Salinas Chinatown became, in my eyes, more than a place where the Filipino editors of The Philippines Mail happened to produce the paper; it was a thriving immigrant neighborhood, albeit one that was segregated from the rest of Salinas. It’s possible that without the cross-cultural alliances formed within Chinatown — and a few outside the neighborhood — the newspaper would never have been published.

When I became one of the guest curators for the Filipino Voices exhibit in 2012 at the National Steinbeck Center, my understanding deepened further when I met members of the Filipino, Chinese and Japanese communities of Salinas and listened to their fascinating, often funny, “talk-stories.”

The Lee and Ahtye families came to life when I met their descendants, Wellington Lee and Wally Ahtye, as well as surviving extended family members and friends. My father and uncle worked in the agricultural fields of the Salinas Valley, and my mother did cannery work, so Al Baguio and Alex Fabros’ stories resonated, as did the stories of the Filipino, Chinese and Japanese women who worked in the packing sheds (and sometimes in the fields) and raised families.

I learned there had been two Chinatowns; the first one was built in 1872 by Chinese merchants. That was burned down in 1893; many Chinatowns in the western U.S. were torched during the 1890s and early 20th century when anti-Chinese racism was at its height, encouraged by groups like the Workingmen’s Club of Salinas.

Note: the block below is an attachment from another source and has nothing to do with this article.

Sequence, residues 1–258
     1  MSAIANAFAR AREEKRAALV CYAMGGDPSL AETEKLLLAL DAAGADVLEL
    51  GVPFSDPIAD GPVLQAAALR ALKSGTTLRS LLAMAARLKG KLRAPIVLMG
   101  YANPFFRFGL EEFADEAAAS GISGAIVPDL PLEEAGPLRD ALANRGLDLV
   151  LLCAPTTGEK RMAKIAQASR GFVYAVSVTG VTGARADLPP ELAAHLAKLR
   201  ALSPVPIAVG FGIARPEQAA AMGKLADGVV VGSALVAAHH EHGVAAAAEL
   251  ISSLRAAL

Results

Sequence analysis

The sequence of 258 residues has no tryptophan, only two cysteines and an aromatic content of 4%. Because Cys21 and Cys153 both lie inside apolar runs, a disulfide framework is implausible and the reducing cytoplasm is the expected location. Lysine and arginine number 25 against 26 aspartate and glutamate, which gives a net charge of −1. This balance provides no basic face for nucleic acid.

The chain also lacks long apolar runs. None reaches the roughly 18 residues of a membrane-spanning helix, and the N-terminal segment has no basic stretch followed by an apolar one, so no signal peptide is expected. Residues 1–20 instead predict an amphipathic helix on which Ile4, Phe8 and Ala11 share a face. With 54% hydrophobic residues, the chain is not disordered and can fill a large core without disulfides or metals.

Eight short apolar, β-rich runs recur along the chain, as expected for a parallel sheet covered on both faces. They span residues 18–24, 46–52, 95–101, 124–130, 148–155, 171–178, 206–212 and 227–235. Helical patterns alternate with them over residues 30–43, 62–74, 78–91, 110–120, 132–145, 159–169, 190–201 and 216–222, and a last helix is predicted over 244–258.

But a new Chinatown was built. It became a haven for immigrant families, businesses and organizations until the 1970s, when “urban planning” made the neighborhood’s two-way streets one way, and a new overpass and iron fencing built by the railroad effectively cut off business traffic, further isolating the neighborhood.

Many (thankfully not all) of the old buildings were condemned and razed by the city, and as the old families moved out, blight set in; Chinatown became known for its illegal drug sales and violence. Eventually it also became a place where the homeless pitched their tents, and where they sought shelter, meals and other services.

Eventually, I completed that dissertation and filed it. Soon after the Filipino Voices exhibit closed, I joined Asian Cultural Experience, whose mission is to preserve the history and culture of Salinas Chinatown, and to build a cultural center and museum in the old Republic Café building.

I also joined in the efforts to revitalize Chinatown just as the U.S. economy started to tank in 2008; that effort would take longer than anyone guessed, and would require much discussion and cooperation — to say the least — across many local organizations.

This is the strength of the neighborhood: that, despite hardship, despite the cultural differences and conflicts contained within the community, memories of friendships and cooperation linger and provide hope. In the process, I learned, and continue to learn, about Chinatown’s history and culture, about the homeless people who now populate the area, about myself, and most of all about persistence.

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Jean Vengua

About Jean Vengua

Jean Vengua is co-chair with Cathy Chavez-Miller of Asian Cultural Experience in Salinas Chinatown. Vengua is also a writer and artist. Her work can be found at